Last edited 22 Mar 2021

General design theory GDT

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Contents

[edit] Introduction

General design theory (or GDT) is an approach to design that is based on a mathematical premise or assumptions about objects. GDT uses those assumptions to prove theorems and define a formal logic for design.

[edit] History

In the 1980s, technological advances such as computer aided design (CAD) resulted in a number of new design theories. One of the earliest mentions of GDT appears in a 1981 article by Hiroyuki Yoshikawa entitled, ‘General design theory and a CAD system’. Yoshikawa’s theory “...ultimately aims at clarifying the human ability of designing in a scientific way, and at the same time, producing the practical knowledge about...design methodology.”

However, the GDT approach was not widely accepted. There are several theories about its lack of popularity. One suggestion was that the use of the term ‘general’ in its name was confusing, while another highlighted a presupposition of complexity.

Yoram Reich explains, “the formal axioms and theorems [of GDT] rather than the process models meant the approach could not be considered an adequate description of real design”.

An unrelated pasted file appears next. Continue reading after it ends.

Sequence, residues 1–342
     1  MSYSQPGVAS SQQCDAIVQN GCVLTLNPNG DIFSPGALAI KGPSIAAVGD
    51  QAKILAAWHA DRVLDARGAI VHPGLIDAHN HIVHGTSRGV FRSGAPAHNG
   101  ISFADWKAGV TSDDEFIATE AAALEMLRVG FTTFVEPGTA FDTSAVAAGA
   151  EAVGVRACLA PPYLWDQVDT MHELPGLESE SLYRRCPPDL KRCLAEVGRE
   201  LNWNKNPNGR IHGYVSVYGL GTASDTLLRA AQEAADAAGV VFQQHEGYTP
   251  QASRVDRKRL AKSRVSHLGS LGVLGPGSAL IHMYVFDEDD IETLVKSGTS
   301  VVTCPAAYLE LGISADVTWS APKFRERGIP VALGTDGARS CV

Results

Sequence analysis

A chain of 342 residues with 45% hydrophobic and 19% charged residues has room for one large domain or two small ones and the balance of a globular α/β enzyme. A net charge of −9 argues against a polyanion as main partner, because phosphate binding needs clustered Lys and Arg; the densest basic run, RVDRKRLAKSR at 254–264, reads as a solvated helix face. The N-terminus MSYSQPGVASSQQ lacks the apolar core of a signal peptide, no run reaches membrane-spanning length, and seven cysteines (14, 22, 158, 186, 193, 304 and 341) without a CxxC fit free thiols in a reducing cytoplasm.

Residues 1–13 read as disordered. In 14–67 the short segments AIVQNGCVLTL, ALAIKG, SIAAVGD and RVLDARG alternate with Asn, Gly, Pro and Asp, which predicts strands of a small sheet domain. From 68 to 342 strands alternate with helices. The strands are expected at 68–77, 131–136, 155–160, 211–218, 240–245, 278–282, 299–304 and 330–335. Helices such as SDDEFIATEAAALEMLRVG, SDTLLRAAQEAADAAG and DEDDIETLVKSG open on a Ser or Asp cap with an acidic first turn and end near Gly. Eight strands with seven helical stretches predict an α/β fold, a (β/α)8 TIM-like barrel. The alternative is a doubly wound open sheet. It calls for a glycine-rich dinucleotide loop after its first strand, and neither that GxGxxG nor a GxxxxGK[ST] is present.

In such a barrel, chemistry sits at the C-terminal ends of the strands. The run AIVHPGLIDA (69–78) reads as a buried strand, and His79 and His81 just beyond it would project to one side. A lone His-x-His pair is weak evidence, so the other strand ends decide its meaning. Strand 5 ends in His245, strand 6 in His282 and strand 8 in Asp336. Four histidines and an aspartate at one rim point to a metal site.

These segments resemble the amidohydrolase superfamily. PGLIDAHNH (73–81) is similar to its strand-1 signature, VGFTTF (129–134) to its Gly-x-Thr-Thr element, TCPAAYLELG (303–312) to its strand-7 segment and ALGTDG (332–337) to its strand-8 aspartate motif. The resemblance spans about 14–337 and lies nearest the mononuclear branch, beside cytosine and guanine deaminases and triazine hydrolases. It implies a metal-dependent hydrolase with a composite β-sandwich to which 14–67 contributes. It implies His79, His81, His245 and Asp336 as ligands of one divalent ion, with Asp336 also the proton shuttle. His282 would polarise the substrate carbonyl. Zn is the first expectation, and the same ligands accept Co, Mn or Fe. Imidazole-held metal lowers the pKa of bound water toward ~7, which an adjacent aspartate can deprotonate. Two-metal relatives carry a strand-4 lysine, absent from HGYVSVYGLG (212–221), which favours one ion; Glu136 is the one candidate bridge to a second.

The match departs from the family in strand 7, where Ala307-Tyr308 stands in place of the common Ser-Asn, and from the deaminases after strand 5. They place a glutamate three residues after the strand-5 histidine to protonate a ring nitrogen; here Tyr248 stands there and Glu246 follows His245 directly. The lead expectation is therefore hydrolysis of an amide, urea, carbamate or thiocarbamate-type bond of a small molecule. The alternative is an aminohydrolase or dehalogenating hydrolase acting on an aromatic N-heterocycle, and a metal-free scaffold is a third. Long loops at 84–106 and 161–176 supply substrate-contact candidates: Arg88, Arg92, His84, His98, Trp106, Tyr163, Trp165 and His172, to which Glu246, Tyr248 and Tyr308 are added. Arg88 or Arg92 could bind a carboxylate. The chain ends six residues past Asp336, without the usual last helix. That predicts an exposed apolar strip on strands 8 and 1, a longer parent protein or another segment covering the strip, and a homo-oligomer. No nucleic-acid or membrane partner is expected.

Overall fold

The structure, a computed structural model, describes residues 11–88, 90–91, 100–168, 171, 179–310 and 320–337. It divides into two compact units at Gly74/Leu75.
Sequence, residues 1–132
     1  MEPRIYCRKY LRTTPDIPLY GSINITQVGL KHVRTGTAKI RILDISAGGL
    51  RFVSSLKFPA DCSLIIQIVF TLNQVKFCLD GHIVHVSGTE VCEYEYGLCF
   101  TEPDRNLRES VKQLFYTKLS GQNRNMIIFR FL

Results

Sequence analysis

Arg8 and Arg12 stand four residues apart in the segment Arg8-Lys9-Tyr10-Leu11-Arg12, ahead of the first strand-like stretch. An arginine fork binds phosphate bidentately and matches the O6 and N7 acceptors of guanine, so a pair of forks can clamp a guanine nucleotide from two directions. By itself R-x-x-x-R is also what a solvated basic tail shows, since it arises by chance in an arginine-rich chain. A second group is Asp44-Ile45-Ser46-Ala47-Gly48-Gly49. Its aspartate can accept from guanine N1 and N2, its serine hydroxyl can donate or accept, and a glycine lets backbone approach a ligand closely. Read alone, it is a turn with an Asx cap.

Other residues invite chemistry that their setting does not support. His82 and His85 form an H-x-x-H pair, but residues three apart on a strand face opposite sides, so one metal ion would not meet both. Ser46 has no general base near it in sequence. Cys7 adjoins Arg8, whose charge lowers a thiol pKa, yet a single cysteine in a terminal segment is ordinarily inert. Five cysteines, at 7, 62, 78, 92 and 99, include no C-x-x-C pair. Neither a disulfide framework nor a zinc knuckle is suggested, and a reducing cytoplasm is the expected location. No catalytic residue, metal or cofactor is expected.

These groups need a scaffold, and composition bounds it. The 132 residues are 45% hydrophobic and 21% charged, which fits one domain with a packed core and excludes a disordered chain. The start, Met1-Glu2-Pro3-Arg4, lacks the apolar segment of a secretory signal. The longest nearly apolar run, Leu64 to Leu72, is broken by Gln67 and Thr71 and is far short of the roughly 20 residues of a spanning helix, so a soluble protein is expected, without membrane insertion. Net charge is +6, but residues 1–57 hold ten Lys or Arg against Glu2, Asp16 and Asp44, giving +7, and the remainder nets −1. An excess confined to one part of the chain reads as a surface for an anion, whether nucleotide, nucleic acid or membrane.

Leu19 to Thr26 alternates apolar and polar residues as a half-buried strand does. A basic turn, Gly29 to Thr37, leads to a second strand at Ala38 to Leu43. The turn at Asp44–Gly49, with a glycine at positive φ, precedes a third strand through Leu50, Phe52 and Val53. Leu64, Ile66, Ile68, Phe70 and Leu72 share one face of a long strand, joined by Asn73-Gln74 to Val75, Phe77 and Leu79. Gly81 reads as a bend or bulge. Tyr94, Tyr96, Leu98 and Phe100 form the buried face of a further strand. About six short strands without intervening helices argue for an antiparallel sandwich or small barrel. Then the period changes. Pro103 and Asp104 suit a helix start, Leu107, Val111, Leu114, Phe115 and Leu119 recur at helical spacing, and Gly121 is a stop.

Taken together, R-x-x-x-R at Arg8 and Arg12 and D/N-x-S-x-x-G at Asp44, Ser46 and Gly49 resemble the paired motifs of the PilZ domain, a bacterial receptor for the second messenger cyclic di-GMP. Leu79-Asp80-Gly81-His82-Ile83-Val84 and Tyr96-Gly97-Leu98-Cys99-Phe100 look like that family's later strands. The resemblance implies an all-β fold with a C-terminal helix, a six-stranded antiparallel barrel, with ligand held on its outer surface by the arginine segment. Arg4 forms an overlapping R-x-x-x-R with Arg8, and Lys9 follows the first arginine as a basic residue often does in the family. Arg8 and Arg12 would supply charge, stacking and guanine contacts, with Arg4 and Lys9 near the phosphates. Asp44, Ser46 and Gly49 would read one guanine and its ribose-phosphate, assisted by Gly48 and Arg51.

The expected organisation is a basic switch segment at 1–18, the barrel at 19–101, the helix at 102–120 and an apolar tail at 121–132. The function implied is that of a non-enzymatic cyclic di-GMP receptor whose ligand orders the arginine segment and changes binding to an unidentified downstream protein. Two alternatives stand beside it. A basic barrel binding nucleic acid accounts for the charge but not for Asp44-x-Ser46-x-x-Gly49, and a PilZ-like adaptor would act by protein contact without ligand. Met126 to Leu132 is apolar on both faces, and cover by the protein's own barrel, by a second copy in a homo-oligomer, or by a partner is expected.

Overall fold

Despite its shortcomings as a design approach, GDT proved useful in the development of CAD.

[edit] GDT and CAD

GDT can be applied to the designation of tasks to computers as well as designers (including the contribution of the designer and that person’s connection with the computer). Some researchers feel the guidelines created by GDT are “essential” to the scientific construction of CAD solutions.

In some cases, the theoretical results of GDT have presented their own problems, resulting in modifications to design process models. One modification, known as the refinement model, tends to be more in line with experimental findings than GDT and helps to improve developments in CAD.

As an advanced technique, the refinement model’s mechanism requirements for future CAD systems include:

[edit] Controversy over defining the design process

Various attempts have been made to describe the design process. Whilst it is relatively easy to explain it from a theoretical perspective such as GDT, the creative process itself remains elusive.

There is an underlying mistrust of theories that attempt to describe the creative process, and practice rarely seems to reflect academic descriptions which tend to explain what academics think should be happening rather than what designers are actually doing. Indeed the approach that designers say they take to design, is often very different from what they actually do.

It is in this context that GDT can be seen as a model rather than a genuine reflection of the design process. It can be used as a guide to be explored and tested rather than being applied definitively.

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